11. I had an 86 LeSabre 3.8, 89 Park Avenue, 93 Buick Park Avenue, and currently a 2003 Park Avenue Ultra as daily drivers. You simply cannot beat the 3.8V6 4speed OD in a large but not too large package. What a car for everyday usage. I cannot be happier. Starting in 1989 a CD option was available in the C cars (Parks, 98, deVilles) and was extended to most other GM cars by 1991. On 1991 Buick it would be part of the Concert Sound II system. Not Bose so head unit interchangeability is not an issue. I retrofitted my 89 Park with CD player back in 1997 before I got the 93. You can go on eBay and find CD players OE for sale. Since it is a 91 it will have the standard DIN+1/2 head unit size and the 88-00 style GM2 plug in. That will be important. Make sure the radio you buy matches or you will have to buy an adapter. The older style CD players are rare and expensive. I am not aware of any provisions for CDs other than the general open space in the armrest. Yours should have a flip out cupholder. That was the last year of the reverse opening hood. Something that I happened to like. Customs were about 75% of the model runs and sedans were about 85% of the models. Coupes are fairly rare and Limited coupes are extremely rare. Only the T-Types are most rare. There is a guy about 30 minutes from me with an 89 T-type coupe that he fitted with a latemodel 3.8 supercharged motor. The most most rare production LeSabre was the 86 Grand National coupe. During the mid late 80s the Lesabre coupes were raced in NASCAR due to their aerodynamics. Originally the LeSabre GN was supposed to be turbocharged like the Regal GN but they couldn't make it work. So they were just dolled up coupes with GN emblems and louvers. They are rare and have some minor collectability but are really no different mechanically.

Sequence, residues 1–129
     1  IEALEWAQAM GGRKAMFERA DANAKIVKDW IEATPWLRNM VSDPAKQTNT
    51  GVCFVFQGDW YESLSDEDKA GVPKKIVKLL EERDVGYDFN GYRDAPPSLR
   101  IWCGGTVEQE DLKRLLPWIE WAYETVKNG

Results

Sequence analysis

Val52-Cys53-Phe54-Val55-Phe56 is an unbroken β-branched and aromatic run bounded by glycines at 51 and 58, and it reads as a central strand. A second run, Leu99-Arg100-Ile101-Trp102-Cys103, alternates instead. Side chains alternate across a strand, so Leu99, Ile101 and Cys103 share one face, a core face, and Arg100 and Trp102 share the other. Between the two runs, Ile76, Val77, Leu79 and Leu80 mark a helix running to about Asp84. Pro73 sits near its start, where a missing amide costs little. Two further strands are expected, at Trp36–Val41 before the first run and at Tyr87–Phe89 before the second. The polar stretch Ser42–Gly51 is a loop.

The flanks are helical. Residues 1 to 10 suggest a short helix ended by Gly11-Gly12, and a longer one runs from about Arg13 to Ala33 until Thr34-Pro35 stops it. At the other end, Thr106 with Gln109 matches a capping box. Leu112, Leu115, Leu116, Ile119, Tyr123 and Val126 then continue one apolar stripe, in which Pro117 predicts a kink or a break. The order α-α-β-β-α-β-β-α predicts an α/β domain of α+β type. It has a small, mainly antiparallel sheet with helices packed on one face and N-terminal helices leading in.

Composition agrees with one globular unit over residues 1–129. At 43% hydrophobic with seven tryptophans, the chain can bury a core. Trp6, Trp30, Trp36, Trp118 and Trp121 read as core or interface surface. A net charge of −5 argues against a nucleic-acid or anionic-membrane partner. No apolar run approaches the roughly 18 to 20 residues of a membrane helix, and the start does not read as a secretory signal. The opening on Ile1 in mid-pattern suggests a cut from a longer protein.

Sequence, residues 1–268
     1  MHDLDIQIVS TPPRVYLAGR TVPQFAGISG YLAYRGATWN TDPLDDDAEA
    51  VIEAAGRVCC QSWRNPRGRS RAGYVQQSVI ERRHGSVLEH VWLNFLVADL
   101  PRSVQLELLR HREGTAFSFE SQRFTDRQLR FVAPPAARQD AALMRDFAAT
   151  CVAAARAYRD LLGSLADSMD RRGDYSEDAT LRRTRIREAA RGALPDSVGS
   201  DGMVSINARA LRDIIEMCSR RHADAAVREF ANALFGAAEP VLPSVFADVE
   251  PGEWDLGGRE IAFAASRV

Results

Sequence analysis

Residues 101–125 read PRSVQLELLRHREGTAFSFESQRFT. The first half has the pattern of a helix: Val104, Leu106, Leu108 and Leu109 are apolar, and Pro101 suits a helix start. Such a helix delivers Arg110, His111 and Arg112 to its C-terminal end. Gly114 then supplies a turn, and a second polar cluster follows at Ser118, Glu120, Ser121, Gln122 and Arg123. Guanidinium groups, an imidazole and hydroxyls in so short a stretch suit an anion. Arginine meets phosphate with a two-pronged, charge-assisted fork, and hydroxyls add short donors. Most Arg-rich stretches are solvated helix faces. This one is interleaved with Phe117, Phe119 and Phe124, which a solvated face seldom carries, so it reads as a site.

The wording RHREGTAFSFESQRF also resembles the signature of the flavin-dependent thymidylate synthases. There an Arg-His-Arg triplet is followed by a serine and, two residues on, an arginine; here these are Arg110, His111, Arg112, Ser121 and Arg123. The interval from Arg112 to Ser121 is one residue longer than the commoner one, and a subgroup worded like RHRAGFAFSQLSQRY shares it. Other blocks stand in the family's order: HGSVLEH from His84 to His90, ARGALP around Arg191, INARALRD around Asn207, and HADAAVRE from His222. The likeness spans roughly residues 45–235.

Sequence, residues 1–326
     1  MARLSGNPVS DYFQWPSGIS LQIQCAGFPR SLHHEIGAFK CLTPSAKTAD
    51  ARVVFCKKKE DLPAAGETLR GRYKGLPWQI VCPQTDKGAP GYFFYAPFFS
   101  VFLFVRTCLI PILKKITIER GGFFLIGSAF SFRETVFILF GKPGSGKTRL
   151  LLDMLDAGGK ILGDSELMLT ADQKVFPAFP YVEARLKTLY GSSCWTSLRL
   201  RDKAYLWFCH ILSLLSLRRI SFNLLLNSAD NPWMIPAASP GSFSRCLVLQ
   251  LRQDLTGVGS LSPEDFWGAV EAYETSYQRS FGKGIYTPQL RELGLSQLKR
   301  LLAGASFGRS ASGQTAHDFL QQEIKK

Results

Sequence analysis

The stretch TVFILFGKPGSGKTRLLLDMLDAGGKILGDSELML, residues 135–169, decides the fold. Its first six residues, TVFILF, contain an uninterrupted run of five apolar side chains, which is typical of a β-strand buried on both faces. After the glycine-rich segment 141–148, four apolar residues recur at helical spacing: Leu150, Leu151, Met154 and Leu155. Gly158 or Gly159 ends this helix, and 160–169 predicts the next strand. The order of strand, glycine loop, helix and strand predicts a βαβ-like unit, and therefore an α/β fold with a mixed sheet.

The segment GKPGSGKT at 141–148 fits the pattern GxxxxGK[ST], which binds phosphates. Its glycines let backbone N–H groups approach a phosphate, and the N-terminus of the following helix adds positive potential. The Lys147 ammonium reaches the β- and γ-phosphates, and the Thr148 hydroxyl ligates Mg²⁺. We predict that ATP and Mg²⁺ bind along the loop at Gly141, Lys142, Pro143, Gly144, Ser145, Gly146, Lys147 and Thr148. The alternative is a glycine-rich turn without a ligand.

12. [quote=Jim Rohn;74522 4]Hemmings Motor News: 1981-1983 Chrysler Imperial The only complaint I have with this article is that they used a carb converted car. Most were carbed but there are excellent examples of EFI and FS models that would have been a truer story.
  13. I have an 81 Eldorado Biarritz with the funky V864 system. Mine works but you can simply unplug it if it gives trouble. Which most did out of warranty. Otherwise its a nice but different car than the Imperial. The Imperial of course is RWD and with a tall rear end is more of a cruiser than a play car. Chrysler always was know for relatively overplush interiors and the Mark Cross seats lavalier straps and the crystals certainly do it. The Eldo is more Hollywood - FWD - stainless roof - wire wheels - etc. I prefer Cadillacs as my hobby although I enjoy this Imperial immensely. If only because everywhere I go it gets looks because either no one knows what it is or they remember it far far back.